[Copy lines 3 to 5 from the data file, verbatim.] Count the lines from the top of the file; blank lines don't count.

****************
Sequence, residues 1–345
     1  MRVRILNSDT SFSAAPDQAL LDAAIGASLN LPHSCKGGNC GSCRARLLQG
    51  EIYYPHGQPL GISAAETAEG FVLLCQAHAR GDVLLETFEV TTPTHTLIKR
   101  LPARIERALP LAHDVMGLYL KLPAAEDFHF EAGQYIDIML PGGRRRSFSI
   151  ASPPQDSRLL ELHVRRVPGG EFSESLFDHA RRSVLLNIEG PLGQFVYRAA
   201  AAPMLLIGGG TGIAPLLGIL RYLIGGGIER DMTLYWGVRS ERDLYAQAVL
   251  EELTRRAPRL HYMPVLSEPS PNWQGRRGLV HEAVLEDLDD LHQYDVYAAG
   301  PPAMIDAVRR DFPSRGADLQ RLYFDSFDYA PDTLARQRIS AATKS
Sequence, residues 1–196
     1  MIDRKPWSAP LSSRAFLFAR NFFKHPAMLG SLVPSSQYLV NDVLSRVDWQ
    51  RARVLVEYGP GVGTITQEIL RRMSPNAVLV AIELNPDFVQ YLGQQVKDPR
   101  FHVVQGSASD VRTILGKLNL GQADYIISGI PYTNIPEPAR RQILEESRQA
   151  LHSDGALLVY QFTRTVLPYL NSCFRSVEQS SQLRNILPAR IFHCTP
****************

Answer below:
    51  EIYYPHGQPL GISAAETAEG FVLLCQAHAR GDVLLETFEV TTPTHTLIKR
   101  LPARIERALP LAHDVMGLYL KLPAAEDFHF EAGQYIDIML PGGRRRSFSI
   151  ASPPQDSRLL ELHVRRVPGG EFSESLFDHA RRSVLLNIEG PLGQFVYRAA